Cultured meat seems gross? It’s much better than animal agriculture

The world is in the grips of a food-tech revolution. One of the most compelling new developments is cultured meat, also known as clean, cell-based or slaughter-free meat. It’s grown from stem cells taken from a live animal without the need for slaughter.

Proponents hail cultured meat as the long-awaited solution to the factory farming problem. If commercialized successfully, it could solve many of the environmental, animal welfare and public health issues of animal agriculture while giving consumers exactly what they’re used to eating.

Despite this, the public is uncertain about cultured meat. Scientists and high-profile supporters, including investors like Bill Gates and Richard Branson, are pushing for broader adoption, but it’s difficult to sell the public on new food technology – case in point, genetically modified food.

As a moral psychologist, my research explores people’s perceptions of cultured meat, both the good and the bad. Below I discuss some of the top reasons people say they don’t want to eat cultured meat, compiled from opinion surveys, focus groups and online comments. But I’m optimistic that champions of this new technology can alleviate the public’s concerns, making a convincing case for consumers to embrace cultured meat.

‘Cultured meat is not necessary’

While there is increasing awareness of the downsides of factory farming, this knowledge has still not spread to all meat consumers, or at least is not reflected in their purchasing behavior. Factory farming supports what many consider cruel and restrictive practices where animals raised in such farms are subjected to extreme suffering, and estimates suggest that over 99 percent of U.S. farmed animals live on factory farms.

Animal agriculture is also inefficient. Growing and feeding an entire animal for only part of its body is inevitably less efficient than growing just the parts that you want to eat.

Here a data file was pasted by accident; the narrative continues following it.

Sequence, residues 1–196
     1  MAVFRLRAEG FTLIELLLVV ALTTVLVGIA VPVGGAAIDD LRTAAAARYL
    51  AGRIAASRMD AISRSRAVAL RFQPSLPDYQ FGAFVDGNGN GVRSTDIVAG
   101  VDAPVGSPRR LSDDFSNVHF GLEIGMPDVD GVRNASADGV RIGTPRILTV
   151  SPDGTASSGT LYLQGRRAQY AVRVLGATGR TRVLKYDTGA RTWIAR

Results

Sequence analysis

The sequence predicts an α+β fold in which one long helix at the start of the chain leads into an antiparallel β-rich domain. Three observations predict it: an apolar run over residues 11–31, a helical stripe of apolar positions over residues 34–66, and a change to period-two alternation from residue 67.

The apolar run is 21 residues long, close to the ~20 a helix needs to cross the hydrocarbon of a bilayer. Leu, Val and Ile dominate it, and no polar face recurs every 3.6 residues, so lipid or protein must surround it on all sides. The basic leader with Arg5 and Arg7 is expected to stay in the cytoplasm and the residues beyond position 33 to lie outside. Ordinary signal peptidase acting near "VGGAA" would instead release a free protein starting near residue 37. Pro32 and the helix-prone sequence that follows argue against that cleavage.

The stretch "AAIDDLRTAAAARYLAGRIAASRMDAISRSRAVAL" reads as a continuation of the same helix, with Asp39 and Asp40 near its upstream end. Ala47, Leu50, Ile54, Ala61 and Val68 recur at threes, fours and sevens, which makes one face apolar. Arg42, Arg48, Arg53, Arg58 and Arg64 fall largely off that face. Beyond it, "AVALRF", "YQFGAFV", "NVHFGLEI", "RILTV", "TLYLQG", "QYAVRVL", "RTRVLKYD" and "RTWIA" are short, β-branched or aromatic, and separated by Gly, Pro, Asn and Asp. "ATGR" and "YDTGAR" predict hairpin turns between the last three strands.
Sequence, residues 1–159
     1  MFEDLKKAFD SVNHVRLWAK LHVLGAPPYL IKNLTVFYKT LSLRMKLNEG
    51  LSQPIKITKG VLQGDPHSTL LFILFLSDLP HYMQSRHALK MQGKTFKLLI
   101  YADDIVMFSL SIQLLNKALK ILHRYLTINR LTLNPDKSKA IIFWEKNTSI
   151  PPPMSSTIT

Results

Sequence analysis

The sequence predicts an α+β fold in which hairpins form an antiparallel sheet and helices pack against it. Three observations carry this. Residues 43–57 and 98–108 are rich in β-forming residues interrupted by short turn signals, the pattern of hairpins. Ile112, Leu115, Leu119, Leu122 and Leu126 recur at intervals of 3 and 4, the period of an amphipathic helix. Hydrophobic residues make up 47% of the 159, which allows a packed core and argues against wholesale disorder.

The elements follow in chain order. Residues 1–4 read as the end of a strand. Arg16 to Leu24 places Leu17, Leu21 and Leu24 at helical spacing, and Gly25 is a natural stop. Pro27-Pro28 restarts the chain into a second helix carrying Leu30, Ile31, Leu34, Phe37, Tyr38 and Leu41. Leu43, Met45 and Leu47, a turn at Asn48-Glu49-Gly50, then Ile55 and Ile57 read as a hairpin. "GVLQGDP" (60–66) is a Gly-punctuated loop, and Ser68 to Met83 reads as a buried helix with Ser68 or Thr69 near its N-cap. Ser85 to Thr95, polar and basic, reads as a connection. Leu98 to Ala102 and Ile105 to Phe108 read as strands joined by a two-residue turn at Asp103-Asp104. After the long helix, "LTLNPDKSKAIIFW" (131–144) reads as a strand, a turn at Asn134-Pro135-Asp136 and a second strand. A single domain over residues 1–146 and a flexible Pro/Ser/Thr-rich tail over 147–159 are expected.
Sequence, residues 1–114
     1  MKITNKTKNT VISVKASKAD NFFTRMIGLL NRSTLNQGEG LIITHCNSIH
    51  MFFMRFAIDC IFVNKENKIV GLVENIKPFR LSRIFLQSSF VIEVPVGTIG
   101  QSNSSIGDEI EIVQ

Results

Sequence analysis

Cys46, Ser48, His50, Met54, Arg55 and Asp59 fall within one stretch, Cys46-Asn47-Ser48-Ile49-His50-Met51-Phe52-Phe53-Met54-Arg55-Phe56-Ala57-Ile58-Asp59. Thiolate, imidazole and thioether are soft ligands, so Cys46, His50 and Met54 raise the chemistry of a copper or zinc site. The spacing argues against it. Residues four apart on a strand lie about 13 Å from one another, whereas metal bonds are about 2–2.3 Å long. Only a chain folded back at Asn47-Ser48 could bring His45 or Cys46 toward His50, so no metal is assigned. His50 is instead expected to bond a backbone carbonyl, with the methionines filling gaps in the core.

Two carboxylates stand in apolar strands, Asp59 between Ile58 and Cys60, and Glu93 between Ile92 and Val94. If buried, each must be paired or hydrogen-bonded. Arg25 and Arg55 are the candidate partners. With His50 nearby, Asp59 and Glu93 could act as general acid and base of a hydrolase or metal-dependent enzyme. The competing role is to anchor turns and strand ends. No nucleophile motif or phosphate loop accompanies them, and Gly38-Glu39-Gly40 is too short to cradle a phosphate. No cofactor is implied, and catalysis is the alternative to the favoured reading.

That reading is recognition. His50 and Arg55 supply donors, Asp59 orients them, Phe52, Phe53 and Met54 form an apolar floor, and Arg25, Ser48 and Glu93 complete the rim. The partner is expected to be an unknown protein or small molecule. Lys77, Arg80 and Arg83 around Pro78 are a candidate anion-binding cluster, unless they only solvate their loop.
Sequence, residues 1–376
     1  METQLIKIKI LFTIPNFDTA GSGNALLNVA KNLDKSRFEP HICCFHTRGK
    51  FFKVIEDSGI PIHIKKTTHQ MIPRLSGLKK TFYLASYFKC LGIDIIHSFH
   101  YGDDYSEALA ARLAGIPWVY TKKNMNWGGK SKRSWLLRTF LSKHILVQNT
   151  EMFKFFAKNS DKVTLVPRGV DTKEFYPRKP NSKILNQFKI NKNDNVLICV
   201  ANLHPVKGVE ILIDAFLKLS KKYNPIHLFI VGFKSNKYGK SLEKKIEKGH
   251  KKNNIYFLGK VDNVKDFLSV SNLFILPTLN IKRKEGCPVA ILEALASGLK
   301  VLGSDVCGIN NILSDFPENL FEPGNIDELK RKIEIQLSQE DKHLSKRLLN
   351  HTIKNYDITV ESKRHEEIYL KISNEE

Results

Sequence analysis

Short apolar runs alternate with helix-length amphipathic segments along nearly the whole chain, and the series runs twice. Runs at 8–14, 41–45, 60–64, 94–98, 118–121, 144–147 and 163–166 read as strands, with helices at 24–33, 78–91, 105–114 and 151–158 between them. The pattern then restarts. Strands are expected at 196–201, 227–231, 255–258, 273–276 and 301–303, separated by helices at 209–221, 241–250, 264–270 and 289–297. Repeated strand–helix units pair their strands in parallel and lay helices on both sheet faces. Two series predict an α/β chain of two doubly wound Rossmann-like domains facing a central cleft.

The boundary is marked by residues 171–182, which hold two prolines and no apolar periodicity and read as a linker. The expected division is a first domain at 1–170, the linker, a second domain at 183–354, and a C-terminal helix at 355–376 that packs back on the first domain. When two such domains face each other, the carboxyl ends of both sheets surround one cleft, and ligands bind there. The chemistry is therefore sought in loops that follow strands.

Factory farming degrades the environment and contaminates local land and water, in addition to emitting around 14.5 percent of human-induced greenhouse gas emissions worldwide.

The use of antibiotics in farming leads to antibiotic resistance, which could have devastating consequences for human health globally. In 2016, the U.S. Food and Drug Administration reported that over 70 percent of medically important drugs were sold for use in animal agriculture.

Some people who believe farmed meat is problematic would prefer a plant-based food system. Despite recent hype around veganism, the number of people who don’t eat animal products remains extremely low. Only 2 to 6 percent of Americans identify as vegetarian or vegan. And only around 1 percent of adults identify as vegetarian and report never eating meat. This figure shows little change since the mid-1990s, despite the ongoing activism of the animal rights and environmental movements.

I’d argue that the plant-based solution to factory farming is not a feasible outcome for the foreseeable future. Cultured meat might be. Individuals can still choose to eat a plant-based diet. But for those who are unwilling to give up meat, they can have their steak and eat it too.

Farm animals won’t be turned loose to fend for themselves. AP Photo/Maciej Zych

‘I’m worried about the animals and farmers’

Some people express concern about the fate of chickens and cows, imagining them abandoned to die or released into the wild.

The time frame for cultured meat renders this consideration moot. Even by optimistic estimates, large-scale production is likely still several years away. As new processes are adopted, the demand for farm animals will slowly decrease. Fewer animals will be bred, thus the animals at the center of these concerns will never exist.